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Yes, payday lenders report information regarding payday loans to credit reference bureaus. This will include whether the loan has been paid on time, if there were any late repayments or if it was not paid at all and the loan is in arrears.

3 major US credit reference agencies include Equifax, Experian and TransUnion. The bureaus receive and relay information from payday lenders in real-time, enabling future lenders and creditors of all types of financial products to make informed lending decisions since they have access to this information. 

For instance, a lender may decide that a customer with 2 loans paid off may be a good candidate for funding, whereas another with 2 loans in arrears may be worth avoiding. Whilst this may make it more difficult for borrowers with poor credit histories to secure finance or credit, it should help them in the long run since if they are given loans that they cannot afford, they may struggle to repay it back and worsen their financial situation.

The following guide explains how and why payday lenders report back to credit bureaus. 

 

Key points:

  • Payday loan providers in the US report information from applications or loans to credit reference bureaus.
  • The financial information helps other future companies to determine whether or not a potential customer is a reliable or trustworthy candidate to lend money to.
  • Payday lenders pay a small fee to access this vital information from bureaus as part of their credit checks and they also send back information so it is a reciprocal exchange. 

 

How Do Credit Reference Bureaus Work?

Credit reference bureaus hold all credit information about customers from the age of 18 onwards. All credit transactions are recorded on an individuals’ credit report or formulated into their credit score. Lenders can then access this information every time they carry out a ‘credit check’ on a customer, which costs around $3 for each check as part of the underwriting decision process. 

So a typical payday lender in Florida for example, will assess a candidate’s loan application, run some background checks (predominantly using a credit bureau to do so) and then either approve or decline the customer’s payday loan application.

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What Information Does Credit Reference Bureaus Hold?

Credit reference bureaus are aware of customers:

  • Full name
  • Postal address
  • Financial transactions (including credit cards, loans, mortgages, cell phone and utility bills)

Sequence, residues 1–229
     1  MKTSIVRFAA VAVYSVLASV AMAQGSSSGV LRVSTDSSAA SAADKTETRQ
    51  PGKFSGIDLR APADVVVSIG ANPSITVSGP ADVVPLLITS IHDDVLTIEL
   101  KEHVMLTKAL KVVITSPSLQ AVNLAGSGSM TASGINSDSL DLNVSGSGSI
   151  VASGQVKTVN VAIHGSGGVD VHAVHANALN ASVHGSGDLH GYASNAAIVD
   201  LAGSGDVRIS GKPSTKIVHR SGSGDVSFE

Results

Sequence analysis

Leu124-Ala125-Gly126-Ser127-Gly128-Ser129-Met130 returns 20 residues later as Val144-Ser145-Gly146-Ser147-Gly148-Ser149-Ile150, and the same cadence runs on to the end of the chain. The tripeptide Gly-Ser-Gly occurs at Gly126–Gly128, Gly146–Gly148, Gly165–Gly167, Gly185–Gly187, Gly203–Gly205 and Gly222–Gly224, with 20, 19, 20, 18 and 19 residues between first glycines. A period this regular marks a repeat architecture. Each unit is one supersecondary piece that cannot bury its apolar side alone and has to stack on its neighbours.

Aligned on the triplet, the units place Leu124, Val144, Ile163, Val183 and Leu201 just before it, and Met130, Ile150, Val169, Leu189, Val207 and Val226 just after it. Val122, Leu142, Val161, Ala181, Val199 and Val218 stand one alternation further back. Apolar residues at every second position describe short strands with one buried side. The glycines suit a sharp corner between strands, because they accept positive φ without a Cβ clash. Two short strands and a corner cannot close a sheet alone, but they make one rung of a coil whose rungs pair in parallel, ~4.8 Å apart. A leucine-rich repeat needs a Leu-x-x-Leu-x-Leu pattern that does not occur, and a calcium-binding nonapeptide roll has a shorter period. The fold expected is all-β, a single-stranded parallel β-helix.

• Joint accounts or associates that customers are financially linked with
  • Credit score
  • Recent loan enquiries
  • Any cash advances 
  • Bankruptcies, arrears or court orders

 

What Do Payday Lenders Report To Credit Reference Bureaus?

Payday lenders share the following information with credit reference bureaus:

  • If an application was submitted and there was a hard or soft credit search
  • If a loan repayment or installment was paid on time
  • If a loan was not repaid on time and is now in arrears
  • If an arrangement to pay or debt collection plan was organized

Whilst payday lenders send information to credit bureaus, they also receive data from the agencies, meaning it is a reciprocal process. Bureaus hold this information to help all those involved to make more informed lending decisions.  

 

Online-payday-loans

 

How Long Is Payday Lenders Information Held By A Credit Reference Bureau?

Whilst most information is held by credit reference bureaus permanently, some details get removed after a few months or years. For instance, loan enquiries such as basic applications are typically erased off the database after a few weeks or months. Particulars such as court orders and bankruptcy however may stay on file for as many as 6 years.

A positive about financial reporting is that it can certainly change. So even if your credit rating fell due to falling behind on loan repayments, there are many ways you could improve your credit score over time and make it stronger. Consistently making payments on time, paying off all your debts, closing down any cards or loans that you do not need, dissociating from joint accounts with those who have bad credit and only borrowing what you can afford should all stand you in good stead for a positive credit reference bureau record.

Justine Gray

Justine is a full-time writer, specializing in household income and consumer finance across the US.

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